The interplay that occurs when the effect of one factor (such as environment) depends on another factor (such as heredity)
Molecular Genetics
The subfield of biology that studies the molecular structure and function of genes.
Molecular Behavior Genetics
The study of how the structure and function of genes interact with our environment to influence behavior.
"Above" or "in addition to" (epi) genetics; the study of environmental influences on gene expression that occur without a DNA change.
Evolutionary Psychology
The study of the evolution of behavior of the mind, using principles of natural selection.
A random error in gene replication that leads to a change.
Social Script
A culturally modeled guide for how to act in various situations
Paul Broca
Discovered area in the brain (named for him) in the left frontal lobe responsible for language production
Carl Wernicke
Discovered an area of the brain (in the left temporal lobe) involved in language comprehension and expression was named for him because he discovered it
Roger Sperry
Studied split-brain patients; showed that left/right hemispheres have different functions
Michael Gazzaniga
Split-brain research; understanding of functional lateralization in the brain; how the cerebral hemispheres communicate
Charles Darwin
English naturalist. He studied the plants and animals of South America and the Pacific islands, and set forth his theory of evolution.
Contracting pupils would be caused by the ______ ______ _____
Parasympathetic nervous system
An accelerated heartbeat is caused by the ______ _____ _____
Sympathetic nervous system
The sympathetic system ______ digestion, while the parasympathetic _____ digestion.
Inhibits, stimulates
The sympathetic nervous system ______ the body, ______ it's energy.
Arouses, mobilizing
The parasympathetic nervous system ____ the body, _____ it's energy.
Calms, conserving
The CNS is made up of the _____ and ____ ____
Brain, spinal cord
The PNS is made up of ______ and _____ ___-
Sensory and motor neurons
What are the two parts of the PNS?
Somatic and autonomic
The somatic nervous system controls the body's ____ _____
Skeletal muscles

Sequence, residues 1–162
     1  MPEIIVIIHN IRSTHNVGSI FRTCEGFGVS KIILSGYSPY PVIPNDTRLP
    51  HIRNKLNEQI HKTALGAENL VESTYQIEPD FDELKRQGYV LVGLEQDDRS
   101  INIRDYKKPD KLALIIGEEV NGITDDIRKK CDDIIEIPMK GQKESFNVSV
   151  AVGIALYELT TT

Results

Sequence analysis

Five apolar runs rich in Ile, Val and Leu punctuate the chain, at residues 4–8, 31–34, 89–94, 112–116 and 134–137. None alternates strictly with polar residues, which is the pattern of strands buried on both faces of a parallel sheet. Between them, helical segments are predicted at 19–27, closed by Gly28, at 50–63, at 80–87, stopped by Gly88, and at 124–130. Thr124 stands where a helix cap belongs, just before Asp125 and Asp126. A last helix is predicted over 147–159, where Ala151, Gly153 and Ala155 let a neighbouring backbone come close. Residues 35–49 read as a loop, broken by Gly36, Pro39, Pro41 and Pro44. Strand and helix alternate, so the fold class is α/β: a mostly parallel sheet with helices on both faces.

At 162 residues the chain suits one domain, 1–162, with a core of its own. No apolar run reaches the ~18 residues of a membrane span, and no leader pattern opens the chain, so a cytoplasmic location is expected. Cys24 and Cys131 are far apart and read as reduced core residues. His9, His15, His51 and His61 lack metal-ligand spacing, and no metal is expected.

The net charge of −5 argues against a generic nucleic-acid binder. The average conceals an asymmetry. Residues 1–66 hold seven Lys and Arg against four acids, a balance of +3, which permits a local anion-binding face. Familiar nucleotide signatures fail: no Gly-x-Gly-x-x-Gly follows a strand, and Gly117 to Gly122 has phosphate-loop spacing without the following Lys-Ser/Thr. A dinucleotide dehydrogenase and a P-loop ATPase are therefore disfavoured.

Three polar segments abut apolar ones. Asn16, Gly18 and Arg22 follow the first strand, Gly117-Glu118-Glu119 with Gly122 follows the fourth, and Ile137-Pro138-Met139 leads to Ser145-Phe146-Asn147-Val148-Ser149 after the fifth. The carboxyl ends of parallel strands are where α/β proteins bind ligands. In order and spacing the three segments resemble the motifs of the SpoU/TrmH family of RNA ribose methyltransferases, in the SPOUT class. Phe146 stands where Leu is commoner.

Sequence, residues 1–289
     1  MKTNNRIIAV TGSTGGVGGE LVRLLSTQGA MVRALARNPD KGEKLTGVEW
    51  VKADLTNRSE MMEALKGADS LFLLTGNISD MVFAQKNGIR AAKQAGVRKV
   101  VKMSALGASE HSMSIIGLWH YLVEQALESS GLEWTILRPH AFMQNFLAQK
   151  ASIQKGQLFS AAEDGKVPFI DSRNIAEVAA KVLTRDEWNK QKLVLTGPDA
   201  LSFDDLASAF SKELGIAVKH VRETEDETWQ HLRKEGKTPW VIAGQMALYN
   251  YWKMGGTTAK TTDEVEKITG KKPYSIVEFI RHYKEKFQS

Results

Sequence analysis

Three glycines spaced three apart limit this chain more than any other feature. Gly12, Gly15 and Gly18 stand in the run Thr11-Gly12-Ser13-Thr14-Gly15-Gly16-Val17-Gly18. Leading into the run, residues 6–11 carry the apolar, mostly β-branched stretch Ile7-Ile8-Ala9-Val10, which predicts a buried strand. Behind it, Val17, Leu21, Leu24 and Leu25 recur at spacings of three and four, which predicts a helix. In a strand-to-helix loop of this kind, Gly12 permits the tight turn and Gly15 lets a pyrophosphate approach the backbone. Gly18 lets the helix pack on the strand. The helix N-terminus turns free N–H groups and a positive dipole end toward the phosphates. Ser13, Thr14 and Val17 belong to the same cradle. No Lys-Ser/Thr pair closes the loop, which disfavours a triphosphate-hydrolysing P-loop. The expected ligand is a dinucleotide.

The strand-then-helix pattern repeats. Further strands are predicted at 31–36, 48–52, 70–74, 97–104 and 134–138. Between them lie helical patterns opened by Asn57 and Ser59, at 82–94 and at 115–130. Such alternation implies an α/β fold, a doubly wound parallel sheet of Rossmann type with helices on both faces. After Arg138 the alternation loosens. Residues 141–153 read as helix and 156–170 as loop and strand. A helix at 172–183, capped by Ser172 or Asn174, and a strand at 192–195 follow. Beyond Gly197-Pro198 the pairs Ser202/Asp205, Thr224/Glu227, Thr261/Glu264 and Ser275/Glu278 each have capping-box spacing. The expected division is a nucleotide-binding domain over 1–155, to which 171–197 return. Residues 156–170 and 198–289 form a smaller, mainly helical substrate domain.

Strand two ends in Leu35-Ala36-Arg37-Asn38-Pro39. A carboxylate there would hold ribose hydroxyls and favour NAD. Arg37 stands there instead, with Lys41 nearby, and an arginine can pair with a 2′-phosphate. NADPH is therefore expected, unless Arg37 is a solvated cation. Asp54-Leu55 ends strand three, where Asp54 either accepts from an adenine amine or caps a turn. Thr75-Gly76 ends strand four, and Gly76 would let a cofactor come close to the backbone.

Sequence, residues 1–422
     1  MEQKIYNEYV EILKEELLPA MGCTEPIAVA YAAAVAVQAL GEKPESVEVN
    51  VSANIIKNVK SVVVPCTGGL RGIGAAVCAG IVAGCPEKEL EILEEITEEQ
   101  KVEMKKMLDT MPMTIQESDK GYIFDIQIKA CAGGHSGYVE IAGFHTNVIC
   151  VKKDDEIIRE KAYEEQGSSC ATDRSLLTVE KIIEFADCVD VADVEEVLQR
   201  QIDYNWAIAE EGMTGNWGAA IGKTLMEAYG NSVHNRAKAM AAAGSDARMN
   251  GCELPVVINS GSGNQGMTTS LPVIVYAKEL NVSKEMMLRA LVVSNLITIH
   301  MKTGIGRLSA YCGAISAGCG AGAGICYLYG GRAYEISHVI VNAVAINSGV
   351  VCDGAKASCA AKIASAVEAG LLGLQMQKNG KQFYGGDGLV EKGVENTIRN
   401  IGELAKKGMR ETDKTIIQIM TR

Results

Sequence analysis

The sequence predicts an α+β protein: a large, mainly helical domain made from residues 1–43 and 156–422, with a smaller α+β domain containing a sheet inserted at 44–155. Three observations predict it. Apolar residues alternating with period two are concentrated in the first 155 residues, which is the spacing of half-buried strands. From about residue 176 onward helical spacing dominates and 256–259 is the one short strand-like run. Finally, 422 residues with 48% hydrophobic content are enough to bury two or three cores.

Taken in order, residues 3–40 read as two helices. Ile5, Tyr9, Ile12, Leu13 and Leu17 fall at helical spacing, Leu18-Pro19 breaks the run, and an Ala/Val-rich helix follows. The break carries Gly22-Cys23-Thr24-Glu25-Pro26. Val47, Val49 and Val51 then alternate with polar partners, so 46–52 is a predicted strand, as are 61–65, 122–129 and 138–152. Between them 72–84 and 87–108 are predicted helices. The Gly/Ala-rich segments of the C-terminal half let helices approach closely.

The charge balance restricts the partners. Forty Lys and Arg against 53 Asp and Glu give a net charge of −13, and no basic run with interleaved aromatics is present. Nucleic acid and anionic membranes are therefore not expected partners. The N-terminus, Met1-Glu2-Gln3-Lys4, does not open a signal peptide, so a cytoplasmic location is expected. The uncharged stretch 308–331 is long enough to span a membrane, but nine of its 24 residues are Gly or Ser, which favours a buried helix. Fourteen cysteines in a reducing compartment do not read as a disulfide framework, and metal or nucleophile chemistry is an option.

The autonomic nervous system controls the ____ and the muslces of _____ ______
Glands and muscles of internal organs
The autonomic nervous system operates _____
Automatically/ without conscious effort
Fight, Flight, or Freeze is in reference to the ____ ____ ____
Sympathetic Nervous System
Rest or Digest is in reference to the ________ ____ ___
Parasympathetic nervous system
The recovery period when a person's body goes through its recovery sleep stages.
Circadian rhythm
Our biological clock, regular body rhythms that occur on a 24-hour cycle.
REM sleep
Rapid eye movement sleep; a recurring sleep stage during which vivid dreams occur. Paradoxical sleep, because the muscles are relaxed but other body systems are active.
Alpha waves
The relatively slow brain waves of a relaxed, awake state.
NREM sleep
Non-rapid eye movement sleep; encompasses all sleep stages EXCEPT for REM sleep (NREM-1, 2, and 3)
The stage of sleep where dreams may spontaneously begin, and muscles may move in a jerky motion. This stage only lasts about 5-10 minutes.
The stage of sleep where your brain waves slow down even more, and little wave clusters called sleep spindles commonly occur. You will spend about 1/2 of your sleep in this stage. You will revisit this stage often.
Slow-wave sleep/DELTA SLEEP. Brainwave cycles are less than 1 cycle per second. Deep sleep.
False sensory experiences, such as seeing something in the absence of an external visual stimulus.
Hypnagogic sensations
Bizarre experiences, such as jerking or a feeling of falling or floating weightlessly, while transitioning to sleep.
Delta waves
The large, slow brain waves associated with the deep sleep of NREM-3
Suprachiasmatic nucleus (SCN)
A pair of cell clusters in the hypothalamus that controls circadian rhythm. Modifies our feelings of sleepiness in response to light.
Recurring problems in falling or staying asleep
A sleep disorder characterized by uncomfortable sleep attacks. The sufferer may lapse directly into REM sleep, often at inopportune times.
Sleep apnea
A sleep disorder characterized by temporary cessations of breathing during sleep and repeated momentary awakenings.
Night terrors
A sleep disorder characterized by high arousal and an appearance of being terrified; unlike nightmares, night terrors occur during NREM-3, within 2 or 3 hours of falling asleep, and are seldom remembered.
A sequence of images, emotions, and thoughts passing through a sleeping person's mind.
Manifest content
According to Freud, the symbolic and remembered story line of a dream (as distinct from its latent/hidden content.)
Sigmund Freud
The father of psychoanalytics, which emphasizes the ways our unconscious mind and childhood experiences affect out behavior.
According to Freud, daughters are envious of their ____ and spend their lives trying to be more like them to get their opposite spouse.
According to Freud, sons are envious of their ____ and want a woman like their mother.
Latent content
According to Freud, the underlying meaning of dreams (as distinct from its manifest content)
REM rebound
The tendency for REM sleep to increase following REM sleep deprivation.
Psychoactive drug
A chemical substance that alters perceptions and moods.